NAIS New View EDU Podcast

NAIS New View EDU PodcastIn recent years, school leaders have faced a constant need to innovate and respond to rapidly changing conditions in their communities, our nation, and our world. Now we're all seeking ways to bring healing and strength to our school communities as we move forward. But what else can we learn from these challenging times, and what inspiration can we draw for the future of schools?  

The NAIS New View EDU podcast supports school leaders in finding those new possibilities and understanding that evolving challenges require compassionate and dynamic solutions.

In the first four seasons of New View EDU, we discovered that student agency is critical to creating thriving school communities. In Season 5, we'll explore how two more essential ingredients—creativity and innovation—support agency-rich environments and make independent schools schools places where students and educators want to be. NAIS Chief Innovation Officer Tim Fish will be joined by innovative leaders and thinkers to tackle arts-based education, achievement pressures, blended learning, the concept of "creative hustle," and more as we continue to ponder the question: What is the purpose of school in our rapidly changing world?
Find New View EDU on Apple Podcasts, Google Play, Spotify, and many other podcast apps.

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Season 5 Episodes: Fall 2023

Episode 50: Learning from Sabbatical Journeys

Briel SchmitzIf you had the opportunity to step away from your day-to-day life for six weeks, what would you do with that time? Where would you go? And what lessons would you bring back with you, when the time came to return to your daily routine? In the Season 5 finale, school leader Briel Schmitz reflects on her sabbatical journey along the Camino de Santiago in Europe, and how taking that time away from work has influenced her whole school community.

Briel talks with host Tim Fish about the unique experience they share: Each of them embarked upon a sabbatical to walk the 500-mile Camino de Santiago in the fall of 2023. Although they didn’t take the journey together, they definitely walked the same path, as Tim says. Both returned with new thoughts on lifelong learning, productive struggle, and leadership that will inform their outlook on education going forward. Understanding what it’s like to take the risks we ask of students each day, growing and learning along the path, and enduring discomfort to eventually achieve the desired result all resonated with both Briel and Tim during their Camino journeys. They also share reflections on the lessons of simplicity and community gained on the 500-mile walk, and how those ideas can both inform and transform the way we plan for the future of our schools.

Episode 49: The View From the Classroom

Stacey Roshan and Howard LevinIn an age of educator burnout and high turnover rates, what keeps veteran teachers motivated to stay in the classroom? This episode explores how rapidly changing technologies have provided a constant source of inspiration and innovation for two educators. Howard Levin and Stacey Roshan have transformed their practice through exploring the opportunities technology provides to teachers and learners.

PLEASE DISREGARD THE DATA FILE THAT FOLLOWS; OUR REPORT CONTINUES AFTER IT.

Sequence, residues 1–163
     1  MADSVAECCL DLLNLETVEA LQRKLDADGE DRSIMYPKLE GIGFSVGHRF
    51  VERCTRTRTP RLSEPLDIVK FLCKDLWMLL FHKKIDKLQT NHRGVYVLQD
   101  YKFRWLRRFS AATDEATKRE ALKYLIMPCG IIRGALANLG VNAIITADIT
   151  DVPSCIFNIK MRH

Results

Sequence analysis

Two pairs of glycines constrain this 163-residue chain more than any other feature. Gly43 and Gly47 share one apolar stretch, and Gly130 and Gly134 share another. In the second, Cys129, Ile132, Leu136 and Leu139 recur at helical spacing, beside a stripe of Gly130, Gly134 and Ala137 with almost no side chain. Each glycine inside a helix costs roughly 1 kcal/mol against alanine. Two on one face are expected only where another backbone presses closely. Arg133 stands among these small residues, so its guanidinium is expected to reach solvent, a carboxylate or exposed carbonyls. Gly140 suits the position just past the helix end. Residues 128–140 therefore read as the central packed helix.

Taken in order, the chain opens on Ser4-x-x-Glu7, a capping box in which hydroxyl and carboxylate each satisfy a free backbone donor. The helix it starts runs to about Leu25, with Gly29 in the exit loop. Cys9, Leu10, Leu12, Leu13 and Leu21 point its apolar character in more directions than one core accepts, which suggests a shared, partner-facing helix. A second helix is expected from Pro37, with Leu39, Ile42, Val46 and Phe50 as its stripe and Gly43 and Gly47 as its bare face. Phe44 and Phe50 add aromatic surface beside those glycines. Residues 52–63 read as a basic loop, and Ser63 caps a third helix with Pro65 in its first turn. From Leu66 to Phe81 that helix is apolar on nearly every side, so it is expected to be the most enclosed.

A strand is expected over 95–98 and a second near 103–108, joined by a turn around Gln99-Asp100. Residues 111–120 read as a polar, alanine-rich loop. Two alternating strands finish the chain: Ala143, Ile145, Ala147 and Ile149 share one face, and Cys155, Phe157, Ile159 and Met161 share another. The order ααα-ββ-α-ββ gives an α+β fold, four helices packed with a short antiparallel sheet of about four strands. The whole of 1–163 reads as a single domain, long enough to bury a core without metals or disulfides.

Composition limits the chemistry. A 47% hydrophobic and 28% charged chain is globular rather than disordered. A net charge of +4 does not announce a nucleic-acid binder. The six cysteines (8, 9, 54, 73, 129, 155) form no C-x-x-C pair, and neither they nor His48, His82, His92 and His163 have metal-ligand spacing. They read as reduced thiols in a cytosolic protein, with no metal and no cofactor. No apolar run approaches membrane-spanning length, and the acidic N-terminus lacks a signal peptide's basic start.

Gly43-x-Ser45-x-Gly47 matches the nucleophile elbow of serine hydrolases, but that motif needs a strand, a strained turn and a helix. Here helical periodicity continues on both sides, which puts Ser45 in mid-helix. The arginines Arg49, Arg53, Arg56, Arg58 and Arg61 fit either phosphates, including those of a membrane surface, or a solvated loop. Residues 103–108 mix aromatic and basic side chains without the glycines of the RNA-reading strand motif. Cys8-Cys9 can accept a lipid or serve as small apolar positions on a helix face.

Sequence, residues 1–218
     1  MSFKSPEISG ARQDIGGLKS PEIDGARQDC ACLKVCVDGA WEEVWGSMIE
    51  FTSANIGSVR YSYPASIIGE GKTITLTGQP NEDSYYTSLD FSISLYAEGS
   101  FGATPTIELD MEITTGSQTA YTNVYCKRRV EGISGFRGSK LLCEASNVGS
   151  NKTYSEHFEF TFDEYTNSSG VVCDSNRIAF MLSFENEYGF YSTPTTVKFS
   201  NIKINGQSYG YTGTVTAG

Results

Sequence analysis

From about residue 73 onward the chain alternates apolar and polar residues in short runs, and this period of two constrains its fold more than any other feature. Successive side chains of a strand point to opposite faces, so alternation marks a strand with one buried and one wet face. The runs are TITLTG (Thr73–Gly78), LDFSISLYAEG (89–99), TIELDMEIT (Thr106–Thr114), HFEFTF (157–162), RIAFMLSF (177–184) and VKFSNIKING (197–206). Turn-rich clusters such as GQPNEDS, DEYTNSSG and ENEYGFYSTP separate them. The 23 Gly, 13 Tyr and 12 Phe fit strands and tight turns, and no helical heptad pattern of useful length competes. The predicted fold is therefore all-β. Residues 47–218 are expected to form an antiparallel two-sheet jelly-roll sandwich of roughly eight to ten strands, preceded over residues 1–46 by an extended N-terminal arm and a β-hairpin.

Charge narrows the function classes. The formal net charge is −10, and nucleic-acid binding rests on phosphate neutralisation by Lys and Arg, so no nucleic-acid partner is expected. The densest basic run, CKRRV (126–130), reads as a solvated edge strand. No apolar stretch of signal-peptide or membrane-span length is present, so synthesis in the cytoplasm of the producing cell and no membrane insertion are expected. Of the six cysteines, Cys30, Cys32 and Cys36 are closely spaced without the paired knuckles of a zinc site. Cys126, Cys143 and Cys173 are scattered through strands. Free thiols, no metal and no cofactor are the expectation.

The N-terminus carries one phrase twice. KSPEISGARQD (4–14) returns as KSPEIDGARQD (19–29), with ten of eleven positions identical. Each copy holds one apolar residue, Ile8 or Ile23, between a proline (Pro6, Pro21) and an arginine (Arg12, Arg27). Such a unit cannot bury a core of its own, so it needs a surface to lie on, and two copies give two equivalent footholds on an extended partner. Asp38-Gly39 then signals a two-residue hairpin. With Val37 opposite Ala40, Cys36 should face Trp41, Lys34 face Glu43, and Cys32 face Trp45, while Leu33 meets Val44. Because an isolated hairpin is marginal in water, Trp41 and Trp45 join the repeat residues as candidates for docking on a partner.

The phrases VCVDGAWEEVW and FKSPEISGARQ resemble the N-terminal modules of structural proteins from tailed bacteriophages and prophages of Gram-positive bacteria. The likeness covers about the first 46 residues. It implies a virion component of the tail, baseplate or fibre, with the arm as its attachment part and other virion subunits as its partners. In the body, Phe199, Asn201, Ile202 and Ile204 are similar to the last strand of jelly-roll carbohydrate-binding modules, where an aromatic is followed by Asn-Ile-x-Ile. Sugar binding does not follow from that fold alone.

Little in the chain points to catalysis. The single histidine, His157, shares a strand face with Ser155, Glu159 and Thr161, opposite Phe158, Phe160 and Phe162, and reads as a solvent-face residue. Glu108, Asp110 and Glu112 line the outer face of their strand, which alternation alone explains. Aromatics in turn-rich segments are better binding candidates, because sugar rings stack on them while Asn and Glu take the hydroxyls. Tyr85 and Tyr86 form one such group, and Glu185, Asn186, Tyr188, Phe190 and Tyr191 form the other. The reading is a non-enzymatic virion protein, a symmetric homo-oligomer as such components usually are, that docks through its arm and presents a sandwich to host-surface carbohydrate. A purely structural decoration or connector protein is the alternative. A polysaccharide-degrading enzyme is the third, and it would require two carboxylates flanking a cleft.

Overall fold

Howard and Stacey join host Tim Fish to talk about how, after beginning as classroom teachers in the fields of social studies and mathematics, each found a new path forward in educational technology. Levin is the director of technology at San Francisco University High School (CA). Roshan is an educator, speaker, edtech consultant, and author of Tech with Heart: Leveraging Technology to Empower Student Voice, Ease Anxiety, & Create Compassionate Classrooms.

Both Howard and Stacey emphasize that their embrace of technology has come through the realization that the entire dynamic of teaching and learning is changing rapidly. And despite their continued enthusiasm for the opportunities technology presents to educators, both Howard and Stacey speak to the challenges that are holding schools back from fully embracing what tech has to offer.

Episode 48: What We Can Learn From Anxiety

Tracy Dennis-TiwaryWe’re accustomed to thinking of anxiety as something undesirable. But what if anxiety could actually be an effective tool, teaching us how to take appropriate risks, manage setbacks, and build resilience? That’s the premise of Tracy Dennis-Tiwary’s book Future Tense: Why Anxiety is Good for You Even Though it Feels Bad.

Tracy joins host Tim Fish to discuss her research on the benefits of anxiety and the lessons it can teach us. Tracy begins by clarifying that anxiety as a feeling is separate from anxiety disorders, which are health issues and should be treated seriously. But, she cautions, in our desire to exercise caution around diagnosable mental health issues, we often go too far in trying to help students avoid any feeling of anxiety.